There are observational studies that have noticed an important increase in hospitalization and/or mortality rates in COPD patients with a low level of physical activity (102, 103). Early supervised pulmonary rehabilitation could be an effective intervention for the reduction of mortality following hospitalization for an AECOPD. A meta-analysis has found that early rehabilitation in COPD patients was associated with a 42% relative risk reduction in mortality, 53% risk reduction in hospital readmission related to COPD, and a shorter period of hospitalization by 4.27 days (104).
Although the beneficial effects of beta-blockers are well-established in CVD, their benefit in COPD is uncertain. The underuse of β-blockers in patients with COPD may be an important factor by which COPD is associated with a residual risk of MACEs (4). Recently published reviews report an association between the use of β-blockers and improved survival in COPD patients with heart failure, MI, CVD, and HTN. A meta-analysis of fifteen observational cohort studies with a follow-up time from 1 to 7.5 years has revealed that beta-blocker treatment significantly reduced the relative risk (RR) for overall mortality by 28%, and for COPD exacerbations by 37%. For patients who had CHD or heart failure associated with COPD, the risk for overall mortality was decreased by 36 and 26% respectively (105). Dransfield et al., who examined data from 16,485 participants in the SUMMIT study have shown that baseline β-blocker therapy does not reduce the respiratory benefits of inhaled bronchodilators, or increase the cardiovascular risk of inhaled long-acting β-agonists in patients with COPD, who also had and heightened cardiovascular risk (106).
Recent research has increased the awareness of the initiation of the treatment with long-acting inhaled β-agonists and anticholinergics in patients with COPD. Gershon et al., conducted a nested case-control analysis of a retrospective cohort study on 191,005 patients from Ontario Health care database and found a 17% increased risk of a MACEs with the incidentally use of long-acting inhaled β-agonists and anticholinergics compared with non-use of those medications (107). In a meta-analysis, inhaled anticholinergics were associated with statistically significant increased the relative risk of MI by 52% and of cardiovascular death by 92%, without a statistically significant increase in the risk of stroke (108). Another meta-analysis that compared tiotropium Soft Mist Inhaler, tiotropium HandiHaler, long-acting β2 agonists (LABAs), inhaled corticosteroids (ICS), and LABA-ICS has found that only tiotropium Soft Mist Inhaler had an evident risk of CVD deaths, especially in patients with severe COPD (109).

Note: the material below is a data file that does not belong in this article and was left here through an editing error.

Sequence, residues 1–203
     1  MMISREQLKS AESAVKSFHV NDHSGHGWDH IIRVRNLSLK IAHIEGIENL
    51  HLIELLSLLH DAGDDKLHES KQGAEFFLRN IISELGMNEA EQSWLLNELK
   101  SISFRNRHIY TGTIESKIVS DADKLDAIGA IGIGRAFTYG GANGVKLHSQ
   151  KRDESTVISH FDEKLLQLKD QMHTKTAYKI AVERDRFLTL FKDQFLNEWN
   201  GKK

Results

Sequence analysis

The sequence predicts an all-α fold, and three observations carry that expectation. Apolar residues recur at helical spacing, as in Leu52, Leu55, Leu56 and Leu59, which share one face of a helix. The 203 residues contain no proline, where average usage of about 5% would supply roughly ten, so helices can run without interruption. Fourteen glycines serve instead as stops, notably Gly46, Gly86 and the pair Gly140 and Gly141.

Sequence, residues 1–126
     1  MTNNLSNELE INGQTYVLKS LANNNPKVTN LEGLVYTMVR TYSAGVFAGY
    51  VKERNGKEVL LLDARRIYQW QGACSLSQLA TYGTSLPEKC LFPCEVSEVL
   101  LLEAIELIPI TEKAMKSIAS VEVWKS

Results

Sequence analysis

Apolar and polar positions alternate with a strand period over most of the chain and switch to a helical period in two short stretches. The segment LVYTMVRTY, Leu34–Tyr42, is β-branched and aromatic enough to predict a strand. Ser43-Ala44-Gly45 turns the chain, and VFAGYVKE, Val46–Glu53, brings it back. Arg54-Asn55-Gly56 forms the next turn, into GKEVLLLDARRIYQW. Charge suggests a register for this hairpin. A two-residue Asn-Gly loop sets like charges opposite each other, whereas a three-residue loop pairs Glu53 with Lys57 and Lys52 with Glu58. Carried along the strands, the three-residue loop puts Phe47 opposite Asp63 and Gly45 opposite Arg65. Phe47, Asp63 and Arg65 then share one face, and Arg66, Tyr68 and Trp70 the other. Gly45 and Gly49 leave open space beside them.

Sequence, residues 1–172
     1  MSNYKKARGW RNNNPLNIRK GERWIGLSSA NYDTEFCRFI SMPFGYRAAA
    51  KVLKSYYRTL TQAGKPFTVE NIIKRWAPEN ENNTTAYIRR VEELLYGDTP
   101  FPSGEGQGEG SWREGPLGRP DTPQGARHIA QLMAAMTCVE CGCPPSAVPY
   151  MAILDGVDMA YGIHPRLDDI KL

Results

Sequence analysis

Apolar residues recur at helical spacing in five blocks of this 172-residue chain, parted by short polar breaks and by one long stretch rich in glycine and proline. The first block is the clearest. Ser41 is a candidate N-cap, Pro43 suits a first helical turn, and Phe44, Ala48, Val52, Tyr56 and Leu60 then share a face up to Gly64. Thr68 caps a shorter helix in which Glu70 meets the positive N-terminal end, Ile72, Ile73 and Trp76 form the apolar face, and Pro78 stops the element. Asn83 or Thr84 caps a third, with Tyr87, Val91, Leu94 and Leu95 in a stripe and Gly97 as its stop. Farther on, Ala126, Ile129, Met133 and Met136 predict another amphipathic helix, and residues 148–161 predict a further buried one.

Since hyperlipidemia is an independent risk factor for CVD, and since many patients with COPD die of CVDs, statins could have benefit in reducing mortality. Some authors suggest that statins, in addition to decreasing of serum cholesterol, may have anti-inflammatory effects on both pulmonary and systemic inflammation through inhibition of guanosine triphosphates and nuclear factor-κB that controls activation of inflammatory and matrix remodeling pathways (110). A meta-analysis of 15 articles with a total of 238,459 participants with COPD found that the use of statins was associated with a 31% reduced risk of MI (HR 0.69, 95% CI 0.49–0.99), but not of CVD mortality (111). Furthermore, this meta-analysis found a protective effect of statin treatment on the risk of COPD exacerbation with or without hospitalization, decreasing the risk by 36% (HR 0.64, 95% CI 0.55–0.75). This is in contrast with the randomized, controlled STATCOPE trial, published in 2014, involving almost 900 patients with COPD, but no patients with CVD, diabetes or those who were taking statins. The study showed no benefits of daily simvastatin treatment for reducing COPD exacerbation rates, or time to first exacerbation in high-risk patients (112).
Strengths and Limitations
The main strength of this review is the comprehensive review of mostly observational and some limited clinical trial evidence on the relation different risk factors have both on CVD and COPD as well as the synergic effect of those risk factors with the acute exacerbation of COPD in initiating MACEs. We have also discussed putative mechanisms explaining how certain shared risk factors may also affect COPD. One limitation is the lack of intervention trials testing individual or composite risk factor interventions on CVD outcomes specifically in COPD patients.